Walking through the town towards the church in Bakewell, I couldn’t help thinking that it was all a bit weird. There were inexplicable gaps between what we had seen and what we had been brought to realise, gaps that were only filled in by some fairly heavy research. We don’t normally go in for genealogies or land records, but this time, the situation seemed to warrant it.
The St Michael and the Dragon window at Skipton had started us off on a journey we had no idea we were taking until we finally arrived. And we are still not sure whether we have arrived or are merely taking a break. Probably the latter.
Shortly after Skipton, and in preparation for the workshop, we had wandered into Bakewell to revisit the church. We have been to All Saints too many times to count and find something new every time. They are usually things we have already seen, but which become significant only when we have put together new pieces of the puzzle. This time was no different. The St Michael window had set us off talking about the dragons that adorn the church tower in Bakewell. Both St Michael and the Dragon are associated with leys and one ley, or ‘dragon line’, runs through Bakewell from Arbor Low stone circle.
St Michael is particularly associated with the ‘Michael and Mary’ leys that run right across the country. Churches dedicated to both Michael and Mary are found on or around the line and it is something we have been looking at exploring further. In Christian terminology, St Michael is slaying evil, or, quite often, paganism. In basic esoteric terms, the saint may be seen to represent the ‘higher’ self, bringing the ‘lower’ self under control.
We had noted that the tower of All Saints is octagonal and has a dragon on each of the angles. Eight sided towers are very unusual. The church, founded in 920AD, is superb and contains examples, not only of the arts and crafts of a thousand years of faith, but also of many of the anomalies we had found in our explorations.
In the porch is a collection of Saxon and Medieval stonework. We had been primarily occupied with the Saxon period, but now, the eight-sided geometries of the carved crosses on many of the stones caught our attention. Especially as many of these cross designs are associated with the Templars…
Just inside the door is a magnificent carved font dating to the 1300s. Oddly, that too is octagonal. Beyond the font are the information boards, and for once, we read them, looking for any facts about the tower. We learned that it had been funded by ‘wealthy land owners’ coming into the area… So had the Newark, the newly designed side chapel of the south transept.
St Hubert, with his stag is the first stained glass window you come to. Between the stag’s antlers is the vision of the crucified Christ. Christianity overcoming paganism again? Or the more abstract Christ-force crowning earthly consciousness? St George and his Dragon stand beside him, and looked down on us indulgently as we wandered, taking in the lily sceptre of the little ‘Walsingham Virgin’ who looks like Isis holding Osiris.
A little further down the north aisle is a Henry Holliday window of all saints and all angels, surmounted by the Agnus Dei. While that symbol may be used to represent Jesus as the lamb of God, it is also a Templar symbol much associated with John the Baptist who was beheaded by Herod. And the Templars had been accused of ‘worshipping a severed head’ many believe may have been that of the Baptist. The knights had been rounded up in France, their lands confiscated, and many put to death. In England, some were held at Clifford’s Tower. Others escaped and, following the Underground Stream theme of the weekend, themselves went underground.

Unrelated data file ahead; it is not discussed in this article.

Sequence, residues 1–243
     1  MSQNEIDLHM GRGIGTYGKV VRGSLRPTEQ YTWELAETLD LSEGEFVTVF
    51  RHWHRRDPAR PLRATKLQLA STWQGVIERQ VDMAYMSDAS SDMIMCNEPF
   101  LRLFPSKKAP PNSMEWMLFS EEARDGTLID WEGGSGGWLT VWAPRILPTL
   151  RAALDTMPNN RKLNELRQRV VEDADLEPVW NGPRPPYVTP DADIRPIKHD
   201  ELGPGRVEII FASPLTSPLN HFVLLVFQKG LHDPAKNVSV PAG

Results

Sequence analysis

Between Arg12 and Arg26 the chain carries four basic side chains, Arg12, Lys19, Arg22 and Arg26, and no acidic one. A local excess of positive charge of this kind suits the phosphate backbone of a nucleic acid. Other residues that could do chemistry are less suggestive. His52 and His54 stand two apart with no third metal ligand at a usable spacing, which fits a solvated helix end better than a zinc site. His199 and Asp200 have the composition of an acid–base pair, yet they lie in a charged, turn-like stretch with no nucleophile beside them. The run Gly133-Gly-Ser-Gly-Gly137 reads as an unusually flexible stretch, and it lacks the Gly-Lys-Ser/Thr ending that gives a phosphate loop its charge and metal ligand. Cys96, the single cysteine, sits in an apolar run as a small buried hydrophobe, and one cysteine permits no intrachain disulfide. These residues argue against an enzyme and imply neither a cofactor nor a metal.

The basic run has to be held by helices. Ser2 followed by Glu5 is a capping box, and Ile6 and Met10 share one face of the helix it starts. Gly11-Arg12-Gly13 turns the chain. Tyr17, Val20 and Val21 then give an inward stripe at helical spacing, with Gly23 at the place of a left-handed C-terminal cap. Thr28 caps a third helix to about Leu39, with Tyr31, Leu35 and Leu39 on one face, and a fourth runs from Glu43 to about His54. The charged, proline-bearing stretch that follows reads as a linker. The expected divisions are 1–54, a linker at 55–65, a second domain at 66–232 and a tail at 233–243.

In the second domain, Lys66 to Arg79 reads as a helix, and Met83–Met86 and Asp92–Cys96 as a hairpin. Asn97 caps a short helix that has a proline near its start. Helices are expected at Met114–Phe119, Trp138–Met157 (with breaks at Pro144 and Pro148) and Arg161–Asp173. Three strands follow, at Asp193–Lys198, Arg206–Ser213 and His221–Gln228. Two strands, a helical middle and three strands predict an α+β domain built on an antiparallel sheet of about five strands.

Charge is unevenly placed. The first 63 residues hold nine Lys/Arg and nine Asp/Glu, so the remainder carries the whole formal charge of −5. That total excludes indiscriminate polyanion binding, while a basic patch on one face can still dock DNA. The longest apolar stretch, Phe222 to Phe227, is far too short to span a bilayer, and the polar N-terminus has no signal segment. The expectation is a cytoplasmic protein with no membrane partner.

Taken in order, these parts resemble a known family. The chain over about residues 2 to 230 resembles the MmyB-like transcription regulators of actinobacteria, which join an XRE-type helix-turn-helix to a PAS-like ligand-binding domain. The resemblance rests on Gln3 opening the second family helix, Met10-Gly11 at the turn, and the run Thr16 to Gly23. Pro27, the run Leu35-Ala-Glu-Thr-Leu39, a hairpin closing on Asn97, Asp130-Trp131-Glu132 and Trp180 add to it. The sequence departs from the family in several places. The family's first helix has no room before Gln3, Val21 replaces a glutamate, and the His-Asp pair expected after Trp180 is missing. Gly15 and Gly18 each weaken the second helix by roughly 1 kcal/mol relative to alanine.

The mystery deepened as we looked again at the Comper reredos of St George apparently fixing his dragon to the earth, while above him, two golden dragons support the crucified Christ. In esoteric terms, you cannot help but see the symbolism of ascension through transmutation. All of which seems rather alchemical. But then again, both Comper and Holliday had thrown us curve-balls before.
And there is the almost unique Foljambe memorial, showing the knight and his lady looking out of a window, surmounted by shields bearing their arms… the scallop shells of the pilgrims and the fleur de lys. Godfrey de Foljambe was a prominent landowner and a Knight of the Shrine, a term we had not come across before. A bit of research showed that a Knight of the Shrine is part of a confraternity authorised by the Church and with special dispensations. The Shrine Knights at Bakewell met in the Newark, the south transept that had been funded by wealthy landowners… The same chapel now holds the tombs of the Manners and Vernon families of Haddon Hall.
With all due respect and discretion, we dowsed the entire church and found anomalies indicating an eight-pointed star of currents, directly beneath the tower. We also found a pattern that reflected an odd symbol on a bishop’s tomb in Scotland that had been puzzling us. But it was not until we realised that the geometry of the octagonal tower is based on that of the Dome of the Rock in Jerusalem, that it all began to make sense.
The Templars had identified the Dome of the Rock as the Temple of Solomon. They set up their headquarters in the building next door and used the Dome on their official seals. Legend has it that they found a great treasure beneath the Dome. Perhaps it was not a treasure of gold and silver… perhaps all they found beneath the temple built by Solomon, famed for his wisdom, was the Underground Stream…
And perhaps we should have entitled the weekend Riddles of the Knight?